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Young stars taking over the LPGA Tour

By Mark Craig

Star Tribune

EDINA — Anyone who has taken an 8-year-old to the driving range probably has a hard time believing Herb Krickstein’s story about his granddaughter.

"We were in Tampa, where she used to live, and she had these toy clubs," Krickstein said. "You know, those plastic clubs. She didn’t have real clubs, so she picked up one of those plastic clubs for the first time and I watched her swing."

The first word that came out of Krickstein’s mouth?

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"Wow," he said. "It was beautiful. Beautiful balance. Beautiful follow-through. A very natural golf swing."

Krickstein took her to the golf course in Boca Raton, Fla. They hit the driving range, where the youngster began whacking golf balls with nary a whiff. People began to stare.

"I’ve seen thousands of kids on driving ranges, and this kid was unusual," Krickstein said. "Never once did she look awkward on the golf course."

Just another proud grandpa?

Hardly. Four years later, in 2001, the granddaughter was 12 when she set a record for youngest person to qualify for a U.S. Women’s Open. And last year, the granddaughter was 18 years, 10 months when she won the Kraft Nabisco Championship to become the youngest person to win a major LPGA Tour history.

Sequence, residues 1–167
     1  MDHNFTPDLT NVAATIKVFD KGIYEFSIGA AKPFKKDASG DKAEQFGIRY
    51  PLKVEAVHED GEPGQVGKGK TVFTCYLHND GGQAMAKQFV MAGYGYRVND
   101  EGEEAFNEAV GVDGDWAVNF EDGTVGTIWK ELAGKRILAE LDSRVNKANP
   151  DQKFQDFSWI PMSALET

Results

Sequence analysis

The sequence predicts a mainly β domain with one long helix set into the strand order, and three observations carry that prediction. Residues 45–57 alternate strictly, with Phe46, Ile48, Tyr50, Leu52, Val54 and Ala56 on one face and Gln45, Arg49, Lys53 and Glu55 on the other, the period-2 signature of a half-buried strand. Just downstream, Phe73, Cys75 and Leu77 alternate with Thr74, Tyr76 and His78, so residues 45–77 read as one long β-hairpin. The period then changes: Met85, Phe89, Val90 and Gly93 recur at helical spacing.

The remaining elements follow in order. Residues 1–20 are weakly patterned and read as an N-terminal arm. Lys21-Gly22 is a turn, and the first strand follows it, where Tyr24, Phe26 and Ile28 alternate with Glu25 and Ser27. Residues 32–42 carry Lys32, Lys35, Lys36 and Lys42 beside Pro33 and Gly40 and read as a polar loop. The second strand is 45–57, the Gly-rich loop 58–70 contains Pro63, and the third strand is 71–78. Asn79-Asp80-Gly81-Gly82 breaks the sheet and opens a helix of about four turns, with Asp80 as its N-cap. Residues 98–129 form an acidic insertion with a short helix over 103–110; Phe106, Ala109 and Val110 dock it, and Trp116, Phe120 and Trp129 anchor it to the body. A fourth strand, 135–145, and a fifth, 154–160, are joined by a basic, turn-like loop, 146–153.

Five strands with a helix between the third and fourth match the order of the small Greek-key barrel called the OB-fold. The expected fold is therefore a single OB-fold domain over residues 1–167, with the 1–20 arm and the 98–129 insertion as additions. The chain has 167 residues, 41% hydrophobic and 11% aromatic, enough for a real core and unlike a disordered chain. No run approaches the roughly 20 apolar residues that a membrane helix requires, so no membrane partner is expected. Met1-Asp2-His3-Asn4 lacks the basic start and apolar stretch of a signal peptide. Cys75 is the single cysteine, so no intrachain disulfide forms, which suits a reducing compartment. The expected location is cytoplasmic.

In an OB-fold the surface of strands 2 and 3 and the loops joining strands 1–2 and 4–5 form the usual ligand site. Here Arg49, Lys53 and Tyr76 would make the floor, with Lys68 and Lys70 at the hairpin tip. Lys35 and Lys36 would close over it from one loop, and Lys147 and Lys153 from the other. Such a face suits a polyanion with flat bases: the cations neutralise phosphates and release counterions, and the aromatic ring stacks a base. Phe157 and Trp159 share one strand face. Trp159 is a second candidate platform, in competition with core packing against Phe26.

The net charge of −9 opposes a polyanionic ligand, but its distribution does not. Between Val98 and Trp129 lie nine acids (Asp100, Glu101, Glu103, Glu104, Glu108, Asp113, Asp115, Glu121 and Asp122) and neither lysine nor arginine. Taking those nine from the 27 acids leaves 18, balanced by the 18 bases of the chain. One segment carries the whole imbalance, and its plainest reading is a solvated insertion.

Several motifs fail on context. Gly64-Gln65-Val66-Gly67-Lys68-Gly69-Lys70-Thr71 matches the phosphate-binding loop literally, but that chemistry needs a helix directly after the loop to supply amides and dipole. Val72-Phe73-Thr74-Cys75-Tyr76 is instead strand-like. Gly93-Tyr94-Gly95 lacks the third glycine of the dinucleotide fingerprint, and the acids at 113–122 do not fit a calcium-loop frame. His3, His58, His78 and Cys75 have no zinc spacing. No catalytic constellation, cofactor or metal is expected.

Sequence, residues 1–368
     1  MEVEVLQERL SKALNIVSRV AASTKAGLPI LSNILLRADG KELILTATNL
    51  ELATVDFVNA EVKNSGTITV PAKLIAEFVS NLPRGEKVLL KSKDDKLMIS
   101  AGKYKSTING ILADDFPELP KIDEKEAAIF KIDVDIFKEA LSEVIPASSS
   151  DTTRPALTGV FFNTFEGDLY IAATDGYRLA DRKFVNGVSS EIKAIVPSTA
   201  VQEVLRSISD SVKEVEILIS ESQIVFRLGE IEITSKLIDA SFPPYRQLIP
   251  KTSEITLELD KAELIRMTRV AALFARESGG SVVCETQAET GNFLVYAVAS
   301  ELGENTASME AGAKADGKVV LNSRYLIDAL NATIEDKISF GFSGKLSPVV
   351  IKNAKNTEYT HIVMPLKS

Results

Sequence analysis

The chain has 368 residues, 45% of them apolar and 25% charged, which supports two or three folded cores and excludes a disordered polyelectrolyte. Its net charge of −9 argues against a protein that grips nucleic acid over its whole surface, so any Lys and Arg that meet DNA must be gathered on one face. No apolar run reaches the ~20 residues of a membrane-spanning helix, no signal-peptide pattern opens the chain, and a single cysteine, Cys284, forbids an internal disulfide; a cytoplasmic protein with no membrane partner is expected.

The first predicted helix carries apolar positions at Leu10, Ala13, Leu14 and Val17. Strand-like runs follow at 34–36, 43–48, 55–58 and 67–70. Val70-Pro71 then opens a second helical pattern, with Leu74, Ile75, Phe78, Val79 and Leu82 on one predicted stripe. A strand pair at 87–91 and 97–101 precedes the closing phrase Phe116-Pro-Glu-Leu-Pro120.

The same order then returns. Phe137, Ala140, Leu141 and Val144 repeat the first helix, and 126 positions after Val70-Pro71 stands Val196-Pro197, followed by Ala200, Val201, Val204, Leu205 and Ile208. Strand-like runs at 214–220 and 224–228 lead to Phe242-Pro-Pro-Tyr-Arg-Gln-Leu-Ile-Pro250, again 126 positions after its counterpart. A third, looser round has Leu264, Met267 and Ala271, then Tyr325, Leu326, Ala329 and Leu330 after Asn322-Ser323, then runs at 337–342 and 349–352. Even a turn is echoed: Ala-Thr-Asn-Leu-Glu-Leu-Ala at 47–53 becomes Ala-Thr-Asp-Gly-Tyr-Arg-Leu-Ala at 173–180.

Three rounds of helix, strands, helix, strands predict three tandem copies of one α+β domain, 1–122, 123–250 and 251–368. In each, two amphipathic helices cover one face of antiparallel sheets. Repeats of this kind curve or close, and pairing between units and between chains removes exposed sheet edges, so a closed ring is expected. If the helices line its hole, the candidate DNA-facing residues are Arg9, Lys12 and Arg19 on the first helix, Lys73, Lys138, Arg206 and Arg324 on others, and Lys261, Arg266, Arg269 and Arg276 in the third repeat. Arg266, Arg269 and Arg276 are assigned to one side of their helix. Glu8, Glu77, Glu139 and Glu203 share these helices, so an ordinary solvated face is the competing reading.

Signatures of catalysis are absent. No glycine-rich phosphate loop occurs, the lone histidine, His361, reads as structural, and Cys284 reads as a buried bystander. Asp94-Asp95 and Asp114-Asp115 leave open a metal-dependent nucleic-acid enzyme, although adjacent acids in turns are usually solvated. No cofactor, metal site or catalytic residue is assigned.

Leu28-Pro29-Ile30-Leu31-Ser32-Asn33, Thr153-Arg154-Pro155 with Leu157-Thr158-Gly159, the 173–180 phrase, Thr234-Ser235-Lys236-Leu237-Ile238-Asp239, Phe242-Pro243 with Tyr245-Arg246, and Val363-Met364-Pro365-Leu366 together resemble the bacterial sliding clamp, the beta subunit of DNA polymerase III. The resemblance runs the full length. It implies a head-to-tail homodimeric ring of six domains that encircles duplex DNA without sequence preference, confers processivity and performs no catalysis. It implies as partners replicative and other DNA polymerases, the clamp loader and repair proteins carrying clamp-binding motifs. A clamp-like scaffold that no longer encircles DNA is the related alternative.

"I just watched my grandpa’s great swing and copied him," said the granddaughter, LPGA Tour star Morgan Pressel, giving a playful nudge to Krickstein, 74 and once a single-digit handicapper. "Seriously, I don’t know where I would be without my grandpa."

Judging by the LPGA leaderboards, Krickstein wasn’t the only smiling grandpa earlier this decade.

Heading into last week’s Wegmans LPGA tournament, seven of the top 10 players on the money list were 27 or younger. The average age of those seven players is 22.

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Yani Tseng, a rookie from Taiwan, won the LPGA Championship earlier this month at 19 years, four months to become the second-youngest major winner in the history of the LPGA Tour. So that means the tour that was founded in 1950 has now crowned its two youngest major winners in the past 14 months.

"It’s a tremendous time for the LPGA," said Annika Sorenstam, who will retire at the end of this season. "I think we are as strong as we’ve ever been. We have a lot of good young players."

The person widely regarded as the tour’s best player without a major is Paula Creamer. She’s only 21.

Six years ago, the Solheim Cup was held at Edina’s Interlachen Country Club, the site of this week’s U.S. Women’s Open. The Junior Solheim Cup was held at Oak Ridge Country Club in Hopkins.

Eight of the 12 members from the victorious U.S. team are in the U.S. Women’s Open field this week: Pressel, Creamer, Jane Park, Brittany Lang, Brittany Lincicome, Nicole Hage, Whitney Wade and amateur Amanda Blumenherst.

"It’ll be fun," said Lincicome, a two-time LPGA Tour winner. "Maybe we’ll go somewhere and have a Junior Solheim Cup reunion."

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